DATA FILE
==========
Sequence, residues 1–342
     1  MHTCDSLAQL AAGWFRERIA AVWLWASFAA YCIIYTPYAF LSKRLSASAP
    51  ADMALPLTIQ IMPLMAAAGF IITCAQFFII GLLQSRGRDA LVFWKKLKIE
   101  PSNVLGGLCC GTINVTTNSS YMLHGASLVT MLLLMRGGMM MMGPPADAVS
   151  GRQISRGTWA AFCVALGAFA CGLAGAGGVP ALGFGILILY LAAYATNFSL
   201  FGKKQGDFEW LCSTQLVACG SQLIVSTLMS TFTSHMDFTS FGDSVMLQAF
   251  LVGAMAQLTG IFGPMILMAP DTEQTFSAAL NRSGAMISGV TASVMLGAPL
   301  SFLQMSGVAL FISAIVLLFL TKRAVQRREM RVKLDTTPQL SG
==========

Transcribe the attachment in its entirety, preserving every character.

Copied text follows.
Sequence, residues 1–342
     1  MHTCDSLAQL AAGWFRERIA AVWLWASFAA YCIIYTPYAF LSKRLSASAP
    51  ADMALPLTIQ IMPLMAAAGF IITCAQFFII GLLQSRGRDA LVFWKKLKIE
   101  PSNVLGGLCC GTINVTTNSS YMLHGASLVT MLLLMRGGMM MMGPPADAVS
   151  GRQISRGTWA AFCVALGAFA CGLAGAGGVP ALGFGILILY LAAYATNFSL
   201  FGKKQGDFEW LCSTQLVACG SQLIVSTLMS TFTSHMDFTS FGDSVMLQAF
   251  LVGAMAQLTG IFGPMILMAP DTEQTFSAAL NRSGAMISGV TASVMLGAPL
   301  SFLQMSGVAL FISAIVLLFL TKRAVQRREM RVKLDTTPQL SG